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Rough Seas Delay SpaceX Dragon Capsule's Return to Earth
NASA and SpaceX have postponed the return to Earth of the CRS-14 Dragon cargo ship (seen here at the International Space Station) to Saturday, May 5, 2018, due to rough seas at its splashdown zone. The resupply ship launched April 2 and arrived at the station April 4.
Credit: NASA

NASA and SpaceX have postponed the return of a Dragon cargo ship at the International Space Station due to rough seas at the capsule's Pacific Ocean splashdown zone.

SpaceX's Dragon was scheduled to leave the space station today (May 2) and splash down in the Pacific just off the coast of Baja California, Mexico. But yesterday, NASA announced a change: Dragon will now return Saturday (May 5).

Gary Jordan, a spokesperson at NASA's Johnson Space Center in Houston, said rough, high seas at the splashdown zone prompted Dragon's delay. NASA and SpaceX mission managers wanted to avoid any unnecessary risk to Dragon's precious payload of science experiments and gear, he added.

"It's really the weather," Jordan told Space.com of the delay. "They were looking at sea states and waves."

Dragon is now scheduled to depart the International Space Station Saturday at 9:30 a.m. EDT (1330 GMT). It will splash down in the Pacific at about 3 p.m. EDT (1900 GMT), Jordan said.

You can watch Dragon's space station departure live here, courtesy of NASA TV, beginning at 9 a.m. EDT (1300 GMT) on Saturday. NASA and SpaceX are not expected to webcast the splashdown, but SpaceX does typically post updates on Twitter here.

SpaceX's Dragon will return more than 4,000 lbs. (1,800 kilograms) of cargo, science experiment samples and technology demonstration gear when it returns to Earth Saturday, according to NASA. The spacecraft launched April 2 on a SpaceX Falcon 9 rocket. It arrived at the station on April 4, delivering 5,800 lbs. (2,630 kg) of supplies. This is SpaceX's 14th delivery mission for NASA and the second spaceflight for this Dragon capsule, which made a previous resupply run to the station in April 2016.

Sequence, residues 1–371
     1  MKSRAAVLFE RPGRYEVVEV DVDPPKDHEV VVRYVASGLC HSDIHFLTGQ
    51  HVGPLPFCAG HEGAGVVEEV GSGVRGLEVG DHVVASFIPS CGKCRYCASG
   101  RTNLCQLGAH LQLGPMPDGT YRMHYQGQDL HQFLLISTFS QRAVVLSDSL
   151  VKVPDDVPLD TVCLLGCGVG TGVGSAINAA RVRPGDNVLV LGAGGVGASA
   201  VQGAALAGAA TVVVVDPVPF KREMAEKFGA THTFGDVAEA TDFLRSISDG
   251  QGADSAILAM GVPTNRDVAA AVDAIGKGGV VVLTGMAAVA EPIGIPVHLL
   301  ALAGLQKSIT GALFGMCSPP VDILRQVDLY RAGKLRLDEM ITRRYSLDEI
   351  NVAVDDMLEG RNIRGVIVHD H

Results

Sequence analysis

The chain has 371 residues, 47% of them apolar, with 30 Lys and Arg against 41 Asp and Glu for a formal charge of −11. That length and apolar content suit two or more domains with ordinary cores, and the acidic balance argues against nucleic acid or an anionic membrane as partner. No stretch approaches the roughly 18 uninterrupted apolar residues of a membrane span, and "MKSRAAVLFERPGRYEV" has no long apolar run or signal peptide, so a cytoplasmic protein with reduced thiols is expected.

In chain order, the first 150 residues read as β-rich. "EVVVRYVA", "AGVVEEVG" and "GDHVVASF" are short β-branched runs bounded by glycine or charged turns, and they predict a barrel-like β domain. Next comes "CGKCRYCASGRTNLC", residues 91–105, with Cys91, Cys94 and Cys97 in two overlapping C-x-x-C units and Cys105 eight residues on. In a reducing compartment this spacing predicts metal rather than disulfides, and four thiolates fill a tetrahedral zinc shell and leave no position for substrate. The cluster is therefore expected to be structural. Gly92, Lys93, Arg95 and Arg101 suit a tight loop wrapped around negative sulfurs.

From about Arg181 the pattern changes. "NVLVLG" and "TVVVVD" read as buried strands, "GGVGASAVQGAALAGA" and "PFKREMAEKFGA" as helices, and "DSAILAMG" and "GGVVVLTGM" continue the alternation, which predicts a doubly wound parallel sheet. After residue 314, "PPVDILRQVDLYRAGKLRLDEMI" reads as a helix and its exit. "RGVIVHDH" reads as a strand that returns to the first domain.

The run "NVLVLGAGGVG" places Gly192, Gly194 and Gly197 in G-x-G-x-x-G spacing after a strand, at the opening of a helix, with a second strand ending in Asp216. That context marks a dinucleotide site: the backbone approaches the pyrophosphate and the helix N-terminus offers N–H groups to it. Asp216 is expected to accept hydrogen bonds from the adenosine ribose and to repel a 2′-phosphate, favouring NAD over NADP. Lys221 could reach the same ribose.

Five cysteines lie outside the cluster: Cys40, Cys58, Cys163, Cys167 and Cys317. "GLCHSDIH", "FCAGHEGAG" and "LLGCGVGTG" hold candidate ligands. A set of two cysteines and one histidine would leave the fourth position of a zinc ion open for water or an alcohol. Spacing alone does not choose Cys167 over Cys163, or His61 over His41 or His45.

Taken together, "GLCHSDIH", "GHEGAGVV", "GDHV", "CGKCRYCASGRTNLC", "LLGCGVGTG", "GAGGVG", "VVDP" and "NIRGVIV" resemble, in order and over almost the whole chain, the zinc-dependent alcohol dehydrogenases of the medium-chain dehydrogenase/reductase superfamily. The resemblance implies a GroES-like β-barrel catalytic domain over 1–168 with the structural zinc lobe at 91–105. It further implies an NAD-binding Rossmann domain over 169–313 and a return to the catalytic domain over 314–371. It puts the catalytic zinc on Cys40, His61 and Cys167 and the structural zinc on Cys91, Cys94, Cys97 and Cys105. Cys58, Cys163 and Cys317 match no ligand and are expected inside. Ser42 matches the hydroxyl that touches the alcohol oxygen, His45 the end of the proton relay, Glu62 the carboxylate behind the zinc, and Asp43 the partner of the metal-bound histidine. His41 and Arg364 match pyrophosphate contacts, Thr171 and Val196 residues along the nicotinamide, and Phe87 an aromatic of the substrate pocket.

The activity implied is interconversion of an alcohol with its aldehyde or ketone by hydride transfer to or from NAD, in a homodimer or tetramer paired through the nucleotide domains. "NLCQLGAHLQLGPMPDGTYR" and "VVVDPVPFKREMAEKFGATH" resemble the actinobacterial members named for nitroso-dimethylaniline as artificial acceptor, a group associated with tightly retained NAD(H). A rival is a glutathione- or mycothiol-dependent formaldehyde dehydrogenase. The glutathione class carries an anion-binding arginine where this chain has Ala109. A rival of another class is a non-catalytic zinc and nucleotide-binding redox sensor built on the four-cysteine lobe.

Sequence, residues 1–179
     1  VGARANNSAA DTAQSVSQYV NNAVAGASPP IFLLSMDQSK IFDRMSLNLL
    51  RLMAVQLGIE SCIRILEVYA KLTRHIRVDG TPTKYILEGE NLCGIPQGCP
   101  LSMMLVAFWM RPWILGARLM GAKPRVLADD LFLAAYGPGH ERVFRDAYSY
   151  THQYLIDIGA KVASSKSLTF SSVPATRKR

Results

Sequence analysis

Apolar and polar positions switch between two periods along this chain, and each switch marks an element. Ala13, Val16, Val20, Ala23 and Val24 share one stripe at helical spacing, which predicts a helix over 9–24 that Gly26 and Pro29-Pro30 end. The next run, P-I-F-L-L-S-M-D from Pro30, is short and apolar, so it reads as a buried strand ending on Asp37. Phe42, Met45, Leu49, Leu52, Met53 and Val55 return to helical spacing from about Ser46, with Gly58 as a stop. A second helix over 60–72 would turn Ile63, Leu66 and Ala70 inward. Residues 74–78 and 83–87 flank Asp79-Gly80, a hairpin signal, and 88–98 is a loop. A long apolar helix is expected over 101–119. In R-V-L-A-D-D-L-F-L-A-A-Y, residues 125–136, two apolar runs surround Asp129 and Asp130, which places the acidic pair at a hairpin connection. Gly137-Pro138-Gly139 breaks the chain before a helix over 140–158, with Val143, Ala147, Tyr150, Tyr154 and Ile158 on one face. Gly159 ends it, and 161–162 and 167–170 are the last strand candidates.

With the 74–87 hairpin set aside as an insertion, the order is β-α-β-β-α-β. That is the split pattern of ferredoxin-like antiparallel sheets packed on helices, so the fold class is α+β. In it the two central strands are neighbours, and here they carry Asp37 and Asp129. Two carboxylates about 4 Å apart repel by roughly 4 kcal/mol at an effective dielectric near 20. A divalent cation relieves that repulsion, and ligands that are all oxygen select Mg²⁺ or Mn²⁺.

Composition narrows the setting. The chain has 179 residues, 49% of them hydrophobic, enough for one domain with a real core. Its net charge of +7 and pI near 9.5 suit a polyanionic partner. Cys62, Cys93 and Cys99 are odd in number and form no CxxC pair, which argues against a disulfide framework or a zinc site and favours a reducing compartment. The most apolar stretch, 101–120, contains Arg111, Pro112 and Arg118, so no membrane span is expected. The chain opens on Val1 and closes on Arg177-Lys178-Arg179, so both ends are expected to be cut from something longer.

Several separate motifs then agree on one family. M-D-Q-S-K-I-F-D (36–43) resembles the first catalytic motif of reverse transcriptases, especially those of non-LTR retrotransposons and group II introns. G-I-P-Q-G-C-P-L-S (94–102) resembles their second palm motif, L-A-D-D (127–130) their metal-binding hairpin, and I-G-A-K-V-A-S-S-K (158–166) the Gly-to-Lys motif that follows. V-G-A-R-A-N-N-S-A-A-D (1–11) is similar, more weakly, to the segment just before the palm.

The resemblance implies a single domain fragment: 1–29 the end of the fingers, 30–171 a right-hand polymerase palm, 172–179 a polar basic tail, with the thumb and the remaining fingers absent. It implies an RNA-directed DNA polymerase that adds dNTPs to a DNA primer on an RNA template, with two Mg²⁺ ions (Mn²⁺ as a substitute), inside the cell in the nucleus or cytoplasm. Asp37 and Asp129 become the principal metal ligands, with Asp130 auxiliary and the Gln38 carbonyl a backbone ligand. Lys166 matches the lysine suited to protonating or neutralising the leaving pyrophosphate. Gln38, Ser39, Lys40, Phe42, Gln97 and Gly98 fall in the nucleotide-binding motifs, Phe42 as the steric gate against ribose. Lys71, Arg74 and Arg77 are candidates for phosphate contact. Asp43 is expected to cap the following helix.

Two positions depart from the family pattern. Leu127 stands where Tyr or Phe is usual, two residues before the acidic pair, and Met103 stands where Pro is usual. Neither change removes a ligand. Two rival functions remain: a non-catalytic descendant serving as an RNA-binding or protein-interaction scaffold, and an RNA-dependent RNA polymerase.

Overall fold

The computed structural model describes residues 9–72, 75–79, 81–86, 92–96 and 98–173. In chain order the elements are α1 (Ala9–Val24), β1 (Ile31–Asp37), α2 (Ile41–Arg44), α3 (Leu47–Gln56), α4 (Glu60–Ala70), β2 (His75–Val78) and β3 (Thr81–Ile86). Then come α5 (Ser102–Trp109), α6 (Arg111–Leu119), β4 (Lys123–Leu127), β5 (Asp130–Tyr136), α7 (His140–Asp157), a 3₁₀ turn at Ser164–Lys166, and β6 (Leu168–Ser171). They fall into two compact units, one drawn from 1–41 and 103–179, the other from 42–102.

Among the science gear returning to Earth are mice that have been living in habitats on the space station. Samples of plants, insects and human tissue will also return inside special freezers. Dragon is also expected to return NASA's Robonaut 2 robot, which was designed to help astronauts with their daily chores in space. Robonaut 2 suffered a malfunction in 2014 and is being returned for analysis and repair.

Dragon's return will cap a busy Saturday for NASA.

NASA's next mission to Mars, the InSight Mars lander, will launch toward the Red Planet early Saturday morning, just hours before Dragon's Earth return. InSight will launch on an Atlas V rocket at 7:05 a.m. EDT (1105 GMT) from California's Vandenberg Air Force Base.

If you live in Southern California, you may be able to see the InSight launch as it streaks across the predawn sky. (The launch will occur at 4:05 a.m. PDT.)

Visit Space.com Saturday for complete coverage of SpaceX's Dragon return and NASA's InSight Mars lander launch.

Email Tariq Malik at tmalik@space.com or follow him @tariqjmalik. Follow us @SpacedotcomFacebook and Google+. Original article on Space.com.